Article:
Multifamily Monday: ARA's Three Big Deal Sweet Spots
Multifamily has pushed into uncharted territory, which is why we're excited to host Bisnow's fifth annual Multifamily Summit next week. (Register here.) ARA gave us a sneak peek into the changes and what they mean for deals.
1. Preemptive sales
ARA VPs Zach Springer, Russell Jones, and Matt Saunders are seeing fewer listings make it through the full marketing process. Typically, ARA lists a property for four or five weeks before calling for offers, but Matt tells us his team has closed nine deals in the last 12 months that locked in buyers before finalizing the marketing package. He says investors are willing to pay premium pricing to lock in a deal early because they believe strongly in Houston’s job growth and next few years of rent growth.
The trio tells us many private developers are considering a pre-sale option as opposed to stabilizing and selling. Core infill locations and Katy—thanks to their absorption levels, lease-up velocity, and projected rent growth—are seeing the majority of these deals. The team has closed seven this year. Zach tells us developers like the concept because they can hit proforma IRRs with current market pricing while minimizing lease-up risk. Some investors like purchasing projects in lease-up because it's so difficult to win fully stabilized deals; this way buyers are able to get well-located new developments at a slight discount.
2. Quick resales
Typically, multifamily owners have projected hold periods of at least three years, but Russell tells us his team (which has done 560 property tours this year) has 33 assets it’s sold twice in the last two years. (You know things are hot when it's necessary to keep the deed in your back pocket for quick access.) Most were distressed or value-add deals that were fixed up and able to hit projected exit pricing more quickly than owners thought. (Cap rates have dropped 25 to 50 points in the last nine months—not on interest rates, Russell says, but purely on Houston’s fundamentals.) Look for the number of transactions this year to surpass 2013.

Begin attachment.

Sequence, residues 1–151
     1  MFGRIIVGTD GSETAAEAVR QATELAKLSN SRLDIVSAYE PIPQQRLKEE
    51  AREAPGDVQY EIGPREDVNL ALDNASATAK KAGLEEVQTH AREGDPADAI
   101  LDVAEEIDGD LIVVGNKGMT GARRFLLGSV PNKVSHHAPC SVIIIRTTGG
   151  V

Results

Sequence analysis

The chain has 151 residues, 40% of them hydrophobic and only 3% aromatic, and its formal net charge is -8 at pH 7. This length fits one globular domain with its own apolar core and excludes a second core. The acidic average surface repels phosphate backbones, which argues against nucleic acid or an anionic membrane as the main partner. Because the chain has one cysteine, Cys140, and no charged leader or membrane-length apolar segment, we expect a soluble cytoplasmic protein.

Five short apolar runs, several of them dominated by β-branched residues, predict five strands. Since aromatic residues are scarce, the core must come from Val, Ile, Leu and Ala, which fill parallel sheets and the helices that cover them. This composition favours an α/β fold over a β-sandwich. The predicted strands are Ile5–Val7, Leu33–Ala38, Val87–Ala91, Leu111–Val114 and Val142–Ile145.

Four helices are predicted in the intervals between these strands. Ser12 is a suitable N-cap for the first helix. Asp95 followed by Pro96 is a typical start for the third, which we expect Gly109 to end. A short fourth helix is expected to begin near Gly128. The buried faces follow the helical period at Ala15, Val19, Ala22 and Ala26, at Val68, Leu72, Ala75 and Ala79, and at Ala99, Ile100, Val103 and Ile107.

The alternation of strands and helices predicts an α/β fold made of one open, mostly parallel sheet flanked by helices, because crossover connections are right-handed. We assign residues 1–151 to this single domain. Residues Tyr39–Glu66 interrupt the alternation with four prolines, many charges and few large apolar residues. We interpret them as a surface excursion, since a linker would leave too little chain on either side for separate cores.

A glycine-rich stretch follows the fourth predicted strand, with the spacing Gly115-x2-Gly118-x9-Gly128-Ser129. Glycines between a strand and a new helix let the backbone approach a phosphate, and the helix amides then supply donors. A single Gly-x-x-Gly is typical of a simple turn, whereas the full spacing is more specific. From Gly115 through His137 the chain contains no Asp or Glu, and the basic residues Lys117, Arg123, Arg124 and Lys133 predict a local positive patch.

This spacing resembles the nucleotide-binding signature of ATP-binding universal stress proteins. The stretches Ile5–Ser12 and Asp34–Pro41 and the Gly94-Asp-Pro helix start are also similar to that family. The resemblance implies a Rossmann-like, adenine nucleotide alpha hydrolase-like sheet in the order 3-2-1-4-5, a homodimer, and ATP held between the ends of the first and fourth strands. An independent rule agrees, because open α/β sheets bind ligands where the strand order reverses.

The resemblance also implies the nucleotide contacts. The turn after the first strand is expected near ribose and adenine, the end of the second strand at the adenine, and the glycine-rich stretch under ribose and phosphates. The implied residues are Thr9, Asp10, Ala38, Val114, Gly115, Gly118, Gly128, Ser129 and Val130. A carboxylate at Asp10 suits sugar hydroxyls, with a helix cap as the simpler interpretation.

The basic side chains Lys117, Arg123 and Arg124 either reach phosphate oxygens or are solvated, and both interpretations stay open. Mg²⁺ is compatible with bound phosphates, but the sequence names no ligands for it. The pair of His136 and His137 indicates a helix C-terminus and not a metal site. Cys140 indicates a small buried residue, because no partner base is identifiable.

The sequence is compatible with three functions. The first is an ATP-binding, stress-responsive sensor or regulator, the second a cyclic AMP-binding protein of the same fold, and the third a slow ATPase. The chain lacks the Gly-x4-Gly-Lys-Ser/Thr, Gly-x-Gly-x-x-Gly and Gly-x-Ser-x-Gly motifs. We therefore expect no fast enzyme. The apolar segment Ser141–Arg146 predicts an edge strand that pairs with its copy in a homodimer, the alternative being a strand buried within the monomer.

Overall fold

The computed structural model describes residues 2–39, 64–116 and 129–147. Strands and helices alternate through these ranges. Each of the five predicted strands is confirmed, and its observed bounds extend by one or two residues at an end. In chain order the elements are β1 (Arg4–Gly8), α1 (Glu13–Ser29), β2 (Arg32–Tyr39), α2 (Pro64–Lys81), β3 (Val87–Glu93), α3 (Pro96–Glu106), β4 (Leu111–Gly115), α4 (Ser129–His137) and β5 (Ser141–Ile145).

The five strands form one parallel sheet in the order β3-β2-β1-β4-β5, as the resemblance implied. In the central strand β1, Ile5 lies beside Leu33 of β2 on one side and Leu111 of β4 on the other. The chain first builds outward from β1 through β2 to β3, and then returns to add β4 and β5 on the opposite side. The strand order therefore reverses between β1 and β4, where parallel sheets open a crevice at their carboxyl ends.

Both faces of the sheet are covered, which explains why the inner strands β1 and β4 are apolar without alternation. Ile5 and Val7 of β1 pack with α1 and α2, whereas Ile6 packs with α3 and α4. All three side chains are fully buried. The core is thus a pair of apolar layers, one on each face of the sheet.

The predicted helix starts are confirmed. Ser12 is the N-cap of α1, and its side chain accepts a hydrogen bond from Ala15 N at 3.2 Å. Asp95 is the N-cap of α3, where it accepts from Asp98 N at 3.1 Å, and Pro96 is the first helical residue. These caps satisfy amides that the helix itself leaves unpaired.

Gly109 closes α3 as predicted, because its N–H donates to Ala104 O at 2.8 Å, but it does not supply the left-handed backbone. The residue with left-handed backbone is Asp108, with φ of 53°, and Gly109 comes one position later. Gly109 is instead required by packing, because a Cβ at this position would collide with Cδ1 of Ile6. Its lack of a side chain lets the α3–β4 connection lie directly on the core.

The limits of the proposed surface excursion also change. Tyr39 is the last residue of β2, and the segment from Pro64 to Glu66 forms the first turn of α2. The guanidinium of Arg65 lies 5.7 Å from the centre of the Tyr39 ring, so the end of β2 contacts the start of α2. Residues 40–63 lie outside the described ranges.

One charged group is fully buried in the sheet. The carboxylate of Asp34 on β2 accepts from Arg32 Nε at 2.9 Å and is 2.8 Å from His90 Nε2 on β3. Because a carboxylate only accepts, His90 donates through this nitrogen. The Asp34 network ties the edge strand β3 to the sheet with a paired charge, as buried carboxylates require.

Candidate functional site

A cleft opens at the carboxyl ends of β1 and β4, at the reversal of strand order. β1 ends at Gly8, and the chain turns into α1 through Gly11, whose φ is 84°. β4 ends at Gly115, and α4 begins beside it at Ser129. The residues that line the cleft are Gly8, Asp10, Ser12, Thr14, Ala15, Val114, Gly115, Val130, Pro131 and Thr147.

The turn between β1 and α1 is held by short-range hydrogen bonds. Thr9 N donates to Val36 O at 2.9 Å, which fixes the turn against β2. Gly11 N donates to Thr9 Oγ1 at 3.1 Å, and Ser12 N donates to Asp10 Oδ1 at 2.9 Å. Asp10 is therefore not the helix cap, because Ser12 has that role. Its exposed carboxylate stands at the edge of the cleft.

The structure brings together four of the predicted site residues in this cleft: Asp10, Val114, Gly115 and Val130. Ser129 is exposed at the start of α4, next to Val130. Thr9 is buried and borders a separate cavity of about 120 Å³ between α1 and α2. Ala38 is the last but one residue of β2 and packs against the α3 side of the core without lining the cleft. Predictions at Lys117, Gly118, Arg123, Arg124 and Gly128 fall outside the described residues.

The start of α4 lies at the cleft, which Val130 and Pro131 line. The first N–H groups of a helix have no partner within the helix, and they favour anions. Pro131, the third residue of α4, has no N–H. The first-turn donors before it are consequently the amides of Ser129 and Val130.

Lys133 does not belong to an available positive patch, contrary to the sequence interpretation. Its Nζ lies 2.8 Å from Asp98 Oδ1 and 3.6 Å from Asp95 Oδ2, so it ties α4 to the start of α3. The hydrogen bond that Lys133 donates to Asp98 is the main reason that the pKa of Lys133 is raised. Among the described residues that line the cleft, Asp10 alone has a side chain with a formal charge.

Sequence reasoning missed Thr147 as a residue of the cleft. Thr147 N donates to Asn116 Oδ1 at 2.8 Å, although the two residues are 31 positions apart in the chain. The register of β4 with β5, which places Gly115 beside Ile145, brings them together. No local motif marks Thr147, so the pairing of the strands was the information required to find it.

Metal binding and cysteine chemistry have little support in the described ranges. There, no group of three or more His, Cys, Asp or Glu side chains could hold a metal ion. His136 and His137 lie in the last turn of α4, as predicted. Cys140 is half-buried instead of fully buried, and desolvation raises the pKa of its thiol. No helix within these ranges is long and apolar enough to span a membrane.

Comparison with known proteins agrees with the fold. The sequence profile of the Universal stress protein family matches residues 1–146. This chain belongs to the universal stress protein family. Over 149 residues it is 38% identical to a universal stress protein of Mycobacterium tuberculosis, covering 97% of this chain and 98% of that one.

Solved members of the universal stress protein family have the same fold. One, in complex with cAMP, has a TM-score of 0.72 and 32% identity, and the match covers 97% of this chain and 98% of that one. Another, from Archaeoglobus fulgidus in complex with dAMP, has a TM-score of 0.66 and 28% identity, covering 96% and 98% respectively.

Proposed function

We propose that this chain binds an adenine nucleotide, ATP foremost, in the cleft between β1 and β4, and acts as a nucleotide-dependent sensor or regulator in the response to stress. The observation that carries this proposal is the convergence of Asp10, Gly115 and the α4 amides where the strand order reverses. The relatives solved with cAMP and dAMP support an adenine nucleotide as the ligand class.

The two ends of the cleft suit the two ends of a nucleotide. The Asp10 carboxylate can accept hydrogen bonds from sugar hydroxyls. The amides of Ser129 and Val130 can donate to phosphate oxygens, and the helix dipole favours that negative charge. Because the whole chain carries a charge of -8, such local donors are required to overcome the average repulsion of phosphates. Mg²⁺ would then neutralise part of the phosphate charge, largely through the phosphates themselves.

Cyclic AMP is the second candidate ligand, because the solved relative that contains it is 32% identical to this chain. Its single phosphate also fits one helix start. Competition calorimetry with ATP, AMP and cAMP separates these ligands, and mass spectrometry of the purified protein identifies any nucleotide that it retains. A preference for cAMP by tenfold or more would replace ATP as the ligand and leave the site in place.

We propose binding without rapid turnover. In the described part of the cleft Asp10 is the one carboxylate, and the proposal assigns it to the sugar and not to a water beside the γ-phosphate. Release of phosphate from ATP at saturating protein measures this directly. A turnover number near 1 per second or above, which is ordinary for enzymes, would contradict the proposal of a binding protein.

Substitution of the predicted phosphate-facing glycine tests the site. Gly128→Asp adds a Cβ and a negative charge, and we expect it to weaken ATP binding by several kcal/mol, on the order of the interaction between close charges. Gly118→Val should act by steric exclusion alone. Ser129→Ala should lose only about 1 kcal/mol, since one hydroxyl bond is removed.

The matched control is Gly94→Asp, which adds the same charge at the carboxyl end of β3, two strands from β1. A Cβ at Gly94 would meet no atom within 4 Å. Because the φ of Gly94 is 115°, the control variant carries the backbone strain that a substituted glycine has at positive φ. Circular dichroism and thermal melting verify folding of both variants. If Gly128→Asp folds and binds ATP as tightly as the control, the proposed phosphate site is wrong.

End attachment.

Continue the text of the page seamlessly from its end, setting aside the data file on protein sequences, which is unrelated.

3. High density takes over
ARA principal David Marshall, Tom Dosch, principal Tim Dosch, and Clark Dalton say the future of Houston multifamily is high-rise. Tom tells us there are 20 such projects under construction or in the pipeline (ARA's handled 10 high-rises so far this cycle), spread throughout the city—not just the Inner Loop. He says the barrier to entry to multifamily development now is finding a site big enough. One year ago, very few developers would look at sites smaller than one and a half acres, and most wouldn’t consider high-rise. Now developers will consider tracts as small as 30k SF, and almost everyone is talking high-density. Pictured below, TDI's planned development on 1.47 acres near Memorial and Houston Avenue. The ARA gents handled the site acquisition.
Clark says single-family is going higher-density, too. The ARA team has closed 60 single-family deals this cycle totaling 5,000 acres. The passing of Chapter 42 last year increased permitted single-family units per acre from roughly 16 to 27, and now multifamily and single-family buyers are competing for the same tracts. Tom tells us he handled a four-acre site in the Heights recently that had a number of multifamily offers but ended up being bid up by three (and closing to one) townhome developers. It’s happening all over town: Clark also just closed a five-acre site in Kingsland that’ll become high-density townhomes, something that hasn’t happened so far west before.